One thing is for sure, everyone expected advances in machine learning to automate away jobs but nobody was expecting artists, writers, and programmers would be the first to be impacted!
I now routinely ask ChatGPT questions about work & code. It's better than any other tool at coming up with tricky regular expressions. It can quickly format things if I give it a prompt.
I use Github Copilot when I code and it prompts me to autocomplete what it thinks I will type next. Often it is wrong but recently (within the last few months), it got better. In fact I write tests very quickly with it's help. Unless it's complex refactoring it usually helps me quite a lot.
I'll make a prediction: Any engineer not experimenting with and understanding the capabilities of ChatGPT and other LLM based AI tools is going be a 1x engineer. Every engineer that embraces these tool will be able to become a 10x engineer.
The 10x engineer thing is not a joke. It's actually more dramatic than that. The scale goes from like -10x to +100x of how productive an engineer can be. I know because I have hired a lot of engineers at this point on a variety of projects and every single person is uniquely productive across different organizations and technology stacks.
Example: In the wrong environment a good engineer can have a net negative impact. In the right environment a mediocre engineer can have a massive positive impact.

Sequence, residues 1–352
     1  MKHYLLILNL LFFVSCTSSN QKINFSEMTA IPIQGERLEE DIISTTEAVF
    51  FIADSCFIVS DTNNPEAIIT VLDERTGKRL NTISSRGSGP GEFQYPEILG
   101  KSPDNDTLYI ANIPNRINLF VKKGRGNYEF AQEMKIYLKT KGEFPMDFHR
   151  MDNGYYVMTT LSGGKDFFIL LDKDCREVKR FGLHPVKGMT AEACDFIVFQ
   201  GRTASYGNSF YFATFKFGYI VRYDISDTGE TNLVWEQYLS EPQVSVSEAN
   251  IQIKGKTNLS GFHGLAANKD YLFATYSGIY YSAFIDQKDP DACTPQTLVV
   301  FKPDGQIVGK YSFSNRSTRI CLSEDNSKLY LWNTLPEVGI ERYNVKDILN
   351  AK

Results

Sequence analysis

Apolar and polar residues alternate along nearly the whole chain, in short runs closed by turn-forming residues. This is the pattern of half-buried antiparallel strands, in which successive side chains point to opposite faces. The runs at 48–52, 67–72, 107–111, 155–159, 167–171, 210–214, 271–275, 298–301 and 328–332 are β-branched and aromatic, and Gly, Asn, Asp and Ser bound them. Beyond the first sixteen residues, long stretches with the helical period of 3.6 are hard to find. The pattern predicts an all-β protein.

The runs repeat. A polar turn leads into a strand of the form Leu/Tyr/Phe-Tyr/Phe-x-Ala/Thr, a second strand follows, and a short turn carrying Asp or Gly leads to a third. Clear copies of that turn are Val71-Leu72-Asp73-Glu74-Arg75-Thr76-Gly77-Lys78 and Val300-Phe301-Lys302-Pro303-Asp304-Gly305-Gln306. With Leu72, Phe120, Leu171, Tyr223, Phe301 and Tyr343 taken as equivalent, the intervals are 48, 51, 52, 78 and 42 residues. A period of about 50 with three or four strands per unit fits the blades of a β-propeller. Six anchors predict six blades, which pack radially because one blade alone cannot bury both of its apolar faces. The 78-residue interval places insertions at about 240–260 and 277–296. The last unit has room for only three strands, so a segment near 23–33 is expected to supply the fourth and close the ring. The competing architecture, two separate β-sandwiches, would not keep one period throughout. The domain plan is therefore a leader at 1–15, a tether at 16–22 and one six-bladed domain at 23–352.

It's going to get easier to have a positive impact if you master the art of cobbling together AI helpers.
Tech stocks are like a long term bond, they are interest rate sensitive and very long duration in terms of expected payoff. Welp... interest rates are up, stocks are down and the layoffs are not stopping any time soon.
Here is a secret: all the big tech companies are basically ad companies. Where do people cut spending in a recession? Marketing. Ad spend will go down. Stock based compensation will go down. Layoffs will continue until the economy improves.
Short term I only see more pain. It's incredibly hard to raise funds. Investors are pushing startups to batten down the hatches and have 2 years + of runway. If they are hiring they are doing uniquely well probably.
What is an AI job? There are PhDs that research how to build new types of AI models. There is a limited supply of these because it takes 5-6 years to get a PhD.
There are a lot of software engineers who are now becoming "AI Developers". Do they know at deep levels how neural networks work? Do they know what a Transformer is? Probably not.
Does it matter?
Also probably not for what most companies want right now. They just want chatGPT plugged into their system.
Open AI, the company behind ChatGPT has an API. You can call it over HTTP with JSON. This is what backend developers do every single day, it's trivial and rote. This is how I built the recruiter email template app (which I'm selling on Acquire.com btw, I don't have much time to work on it seeing how I'm head of engineering at Bounty).
This is what you really need to find out now when you are talking to hiring managers.
Do they need somebody with deep understanding of building models? Or can they just get a regular old backend Java developer to plugin into the Open AI completions API and just make something previously complex start to work like magic?
I think mostly, it's the later. You are looking for a productive backend developer who is good a reading documentation to learn new APIs.
This hype is real, GPT4 is revolutionary. But what does it take to use it and embrace it? Actually not much, and when you are recruiting for "AI Jobs" just make sure to really nail down the hiring the manager on what the really want!
As always, feel free to reach out to me if you want to chat about this stuff!